Social media and social networking have become even more essential elements of the broader marketing and communications mix this year, settling the question of whether they were merely capricious trends or fundamental and revolutionary shifts in the way that we engage, communicate and do business.
We are living in a world where consumer behaviour and activity have changed enormously in a very short time, where peer advocacy and user-generated content increasingly rival corporate advertising, and where communication can be achieved instantly. Considering this, it is no surprise that businesses are beginning to invest seriously in the places where their products and services are discussed the most.
However, it’s becoming very clear that this is an entirely new way of connecting with audiences, with its own set of considerations that relate to engagement and influence. The creative industries have always embraced innovation, encouraged change and challenged convention, so are more likely than other sectors to be moving at a similar pace to the technological advances driving these changes. Their challenge is to advise clients, who may not be as naturally inclined as others towards digital and social media, on how to make the best of the opportunities on offer.
Many established decision-makers are still trying to make sense of the digital world, the speed at which innovations are taking place and how to manage the wider business implications. Meanwhile, the so-called ‘Generation Y’ is highly mobile, technically astute and perfectly in sync with these burgeoning digital environments; quick to spot the opportunities and turn them to their advantage. This generation gap could fast become a cultural dichotomy, which is why it has become so essential for social media to be properly integrated into strong marketing and communications strategies.
Those artlessly invading and attempting to harness and commoditise these spaces have swiftly discovered that such a strategy doesn’t work. They are turning to the people who understand that this new-born digital knowledge needs to be blended with more traditional communication and creative skills to enable them to engage more successfully online. Digital design consultancies and digital marketing groups are working very hard to galvanise these skills through educating and informing their more senior specialists in the ways of digital and developing their ‘digital natives’ into more rounded creatives.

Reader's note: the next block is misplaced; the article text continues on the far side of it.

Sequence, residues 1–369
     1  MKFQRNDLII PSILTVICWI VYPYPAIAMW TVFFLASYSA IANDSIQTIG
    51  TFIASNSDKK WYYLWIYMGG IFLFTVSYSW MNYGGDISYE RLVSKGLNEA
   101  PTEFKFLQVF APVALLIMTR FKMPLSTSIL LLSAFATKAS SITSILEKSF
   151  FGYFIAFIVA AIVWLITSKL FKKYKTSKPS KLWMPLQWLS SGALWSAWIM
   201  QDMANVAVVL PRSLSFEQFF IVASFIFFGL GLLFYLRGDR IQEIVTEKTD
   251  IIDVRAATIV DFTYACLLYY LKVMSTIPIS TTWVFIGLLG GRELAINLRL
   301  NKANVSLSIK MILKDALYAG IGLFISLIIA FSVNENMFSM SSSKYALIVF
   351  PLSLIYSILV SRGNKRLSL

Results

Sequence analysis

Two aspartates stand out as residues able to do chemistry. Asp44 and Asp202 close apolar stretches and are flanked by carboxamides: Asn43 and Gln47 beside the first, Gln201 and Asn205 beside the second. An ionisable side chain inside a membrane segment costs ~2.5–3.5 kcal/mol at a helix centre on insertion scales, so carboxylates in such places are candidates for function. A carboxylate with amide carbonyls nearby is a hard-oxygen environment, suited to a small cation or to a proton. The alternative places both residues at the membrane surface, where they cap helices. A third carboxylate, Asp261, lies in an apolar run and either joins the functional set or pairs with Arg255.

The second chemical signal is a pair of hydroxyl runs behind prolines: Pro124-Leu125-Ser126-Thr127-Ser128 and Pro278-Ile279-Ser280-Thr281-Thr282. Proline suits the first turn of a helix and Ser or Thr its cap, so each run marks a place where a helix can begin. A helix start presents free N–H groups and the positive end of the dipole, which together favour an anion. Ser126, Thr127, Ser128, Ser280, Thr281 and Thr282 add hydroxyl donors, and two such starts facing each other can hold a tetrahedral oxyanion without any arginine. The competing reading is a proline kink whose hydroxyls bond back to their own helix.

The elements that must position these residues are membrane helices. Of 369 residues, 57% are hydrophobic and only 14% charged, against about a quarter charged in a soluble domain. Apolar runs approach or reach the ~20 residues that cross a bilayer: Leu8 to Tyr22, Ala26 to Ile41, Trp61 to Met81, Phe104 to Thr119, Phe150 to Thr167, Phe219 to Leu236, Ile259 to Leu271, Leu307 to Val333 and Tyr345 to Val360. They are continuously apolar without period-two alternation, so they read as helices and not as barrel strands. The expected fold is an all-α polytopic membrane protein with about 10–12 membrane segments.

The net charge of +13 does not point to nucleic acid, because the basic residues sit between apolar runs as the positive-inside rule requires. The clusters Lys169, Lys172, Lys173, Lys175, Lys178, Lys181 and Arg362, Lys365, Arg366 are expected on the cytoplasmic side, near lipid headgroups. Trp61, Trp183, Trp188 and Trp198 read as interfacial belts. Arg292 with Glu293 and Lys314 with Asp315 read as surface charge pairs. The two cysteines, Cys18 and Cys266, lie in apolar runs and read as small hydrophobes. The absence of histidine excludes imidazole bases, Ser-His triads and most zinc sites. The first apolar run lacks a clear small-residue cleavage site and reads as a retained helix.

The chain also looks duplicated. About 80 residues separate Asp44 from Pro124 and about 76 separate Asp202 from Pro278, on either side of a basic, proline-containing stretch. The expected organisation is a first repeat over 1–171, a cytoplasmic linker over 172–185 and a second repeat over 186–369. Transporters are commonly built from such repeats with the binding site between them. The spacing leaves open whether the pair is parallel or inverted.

Although intrinsically digital, this generation of designers has yet to acquire deeper commercial awareness, and a more comprehensive combination of the broader communication and creative skills. They must learn about tone of voice, creating impactful visuals, strong writing and persuasive client management. All these skills will help them to achieve credibility and become really influential.
The ability to create remarkable and relevant content remains very much at the heart of integrated strategy and, perhaps now more than ever, the fundamental principles of design, communication and brand guardianship need to be taught to show how an idea and a message is crafted, developed and ultimately delivered successfully across all platforms.
As companies continue to build their digital capabilities, the realisation that there is still an immense skills gap grows. At Become, we have been recruiting for digital roles this year that didn’t even exist 18 months ago and, as such, have had to work even more closely with our clients to define these roles, working out how they fit in with their existing framework and identifying, verifying and testing these relatively new skills.
Even more noticeably this year, there is a shortage of talent that combines real creative credibility with solid technical and digital expertise. Although many employers continue to compete for a limited skill-set, others have had to completely rethink their recruitment strategy.
We have seen a much greater demand for training, at all levels, in the past 12 months. This is really encouraging, as it shows that most businesses are making a significant and long-term investment in digital. As we collaborate with clients to set their digital recruitment agenda for the coming year, we are advising them to continue to build upon their established creative and communications skills, while at the same time equipping themselves with better technical knowledge and a much more in-depth understanding of how to interact and engage through these channels.
The digital environments in which we now share information and ideas, form opinions and make recommendations have forced us to re-imagine how we connect with one another, and perhaps even more importantly, how we reach out to future generations who will not actively seek out products and services, the news or even the employment opportunities; the ones who now expect to be found!
Written by Jim Hunter
Senior Consultant @ Become